(Incidentally, how overpowered is Entangle at low levels? It completely incapacitates large groups of enemies, as no enemy spellcaster will be able to make a DC 20 str check like, ever, and the Concentration check to get off a spell while entangled is ridiculously high.)
    Show them the effects of entangle, grease, blur/blink for the Rogue, a druid using animals to create flanking opportunities...use them against the party with characters that use non-lethal damage...so it isn't a TPK.

  28. - Top - End - #28
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    Default Re: How do you deal with players who suck at combat?

    Quote Originally Posted by BettaGeorge View Post
    Wow, lots of excellent suggestions here!

    A rogue with str 8 who hence only uses ranged attacks and never gets in more than one sneak attack per encounter.
    Sounds like this player could benefit from a higher power floor? Looks like you're playing 3.5e, as opposed to Pathfinder 1e, but I'd recommend subbing in Pathfinder's unchained rogue over the 3.5 one (or at least cherry pick a few features from it). Gives free Weapon Finesse, and grants Dex-to-damage with one finesse weapon at level 3, so that Rogue won't have to worry about a low strength score. And given the druid has been using SNA, the rogue should have flanking buddies.

    Quote Originally Posted by BettaGeorge View Post
    A wizard who basically prepares a combination of Magic Missile and Burning Hands because, you know, damage!
    Yeah, this is a hard habit to break. Also, I totally called it.

    The way I've always tired to handle this is to phrase it is thusly, "Would you rather cast a spell that wins the fight or spell that wastes your time?". Or rephrase spells that don't do damage as spell that functionally do damage. "Yeah so magic missile always 2d4+2 damage which will kill a goblin on average, but sleeps can functionally kill 4 goblins. So what seems like a better use of your time?"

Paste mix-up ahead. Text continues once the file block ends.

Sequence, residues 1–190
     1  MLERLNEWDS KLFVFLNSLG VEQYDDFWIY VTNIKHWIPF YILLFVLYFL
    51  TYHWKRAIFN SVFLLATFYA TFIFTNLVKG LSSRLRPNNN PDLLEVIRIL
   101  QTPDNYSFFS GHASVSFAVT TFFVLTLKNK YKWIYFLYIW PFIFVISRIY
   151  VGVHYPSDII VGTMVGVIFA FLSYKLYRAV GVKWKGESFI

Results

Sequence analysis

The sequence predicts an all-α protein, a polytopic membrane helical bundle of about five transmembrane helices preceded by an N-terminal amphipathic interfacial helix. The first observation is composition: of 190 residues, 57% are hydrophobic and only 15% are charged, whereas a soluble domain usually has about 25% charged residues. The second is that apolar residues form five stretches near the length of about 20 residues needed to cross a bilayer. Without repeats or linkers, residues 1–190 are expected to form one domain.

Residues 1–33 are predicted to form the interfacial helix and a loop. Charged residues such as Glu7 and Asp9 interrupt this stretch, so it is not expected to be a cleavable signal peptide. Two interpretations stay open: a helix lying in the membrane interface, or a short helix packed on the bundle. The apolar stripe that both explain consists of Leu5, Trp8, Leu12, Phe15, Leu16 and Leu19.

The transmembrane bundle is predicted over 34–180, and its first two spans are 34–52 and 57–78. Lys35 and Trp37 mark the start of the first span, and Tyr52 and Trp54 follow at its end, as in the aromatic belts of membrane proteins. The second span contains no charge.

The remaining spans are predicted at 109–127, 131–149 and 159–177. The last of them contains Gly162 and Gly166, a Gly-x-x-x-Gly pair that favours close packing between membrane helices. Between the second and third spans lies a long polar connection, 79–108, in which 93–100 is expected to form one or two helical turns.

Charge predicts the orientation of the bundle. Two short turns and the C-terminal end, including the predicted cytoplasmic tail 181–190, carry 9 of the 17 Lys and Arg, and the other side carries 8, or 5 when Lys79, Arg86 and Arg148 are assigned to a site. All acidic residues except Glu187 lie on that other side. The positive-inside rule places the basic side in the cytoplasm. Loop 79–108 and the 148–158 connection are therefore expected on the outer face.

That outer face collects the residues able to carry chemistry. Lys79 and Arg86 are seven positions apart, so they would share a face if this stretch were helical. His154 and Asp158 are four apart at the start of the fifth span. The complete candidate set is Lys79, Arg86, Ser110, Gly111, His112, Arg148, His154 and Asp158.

Quote Originally Posted by BettaGeorge View Post
    And a druid who actually thinks about tactics and carries the entire fight by himself, or at least starts to before having to spend all his actions healing the other two. If it weren't for Summon Nature's Ally's crazy action economy, the party would be dead thrice over.
    May add in a wand of cure light wounds as treasure or quest reward? Then the druid can top off their temamates after each fight and can spend more time doing their druid things.

    Quote Originally Posted by BettaGeorge View Post
    (Incidentally, how overpowered is Entangle at low levels? It completely incapacitates large groups of enemies, as no enemy spellcaster will be able to make a DC 20 str check like, ever, and the Concentration check to get off a spell while entangled is ridiculously high.)

    Very powerful. The problem tends to be the size it's area of effect, as it tends to muck up anyone trying to wade into melee. But your party doesn't seem like they rely on a heavy-hitter melee type so it should be good.

    My biggest pet peeve is, (and this MIGHT be just how I've always read the spell), that everyone uses it like it's a WoW spell and ignore the fact that there needs to be some actual vegetation around to, y'know, entangle people with.
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  29. - Top - End - #29
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    SwashbucklerGuy

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    Default Re: How do you deal with players who suck at combat?

    I agree with the "training montage", give them a "coach" and some "training" fights (which you purposefully pull your punches), even a "training dungeon" to help get them to coordinate better.

    Be willing to let players rebuild their characters. Heck, be ready for players to ask/want to bring in entirely new characters once they start getting a feel for how all the little parts interact. If you want them to keep the same "character" (ie: persona), be willing to let them "suddenly be a whole new class". Remind players to be respectful of other player's choices. It's not that you can't have two druids. It's that Druid 2 shouldn't be an attempt to copy Druid 1's success.

    The point here is to have fun, AND be good at their jobs. They might be better at a new job!

    Quote Originally Posted by BettaGeorge View Post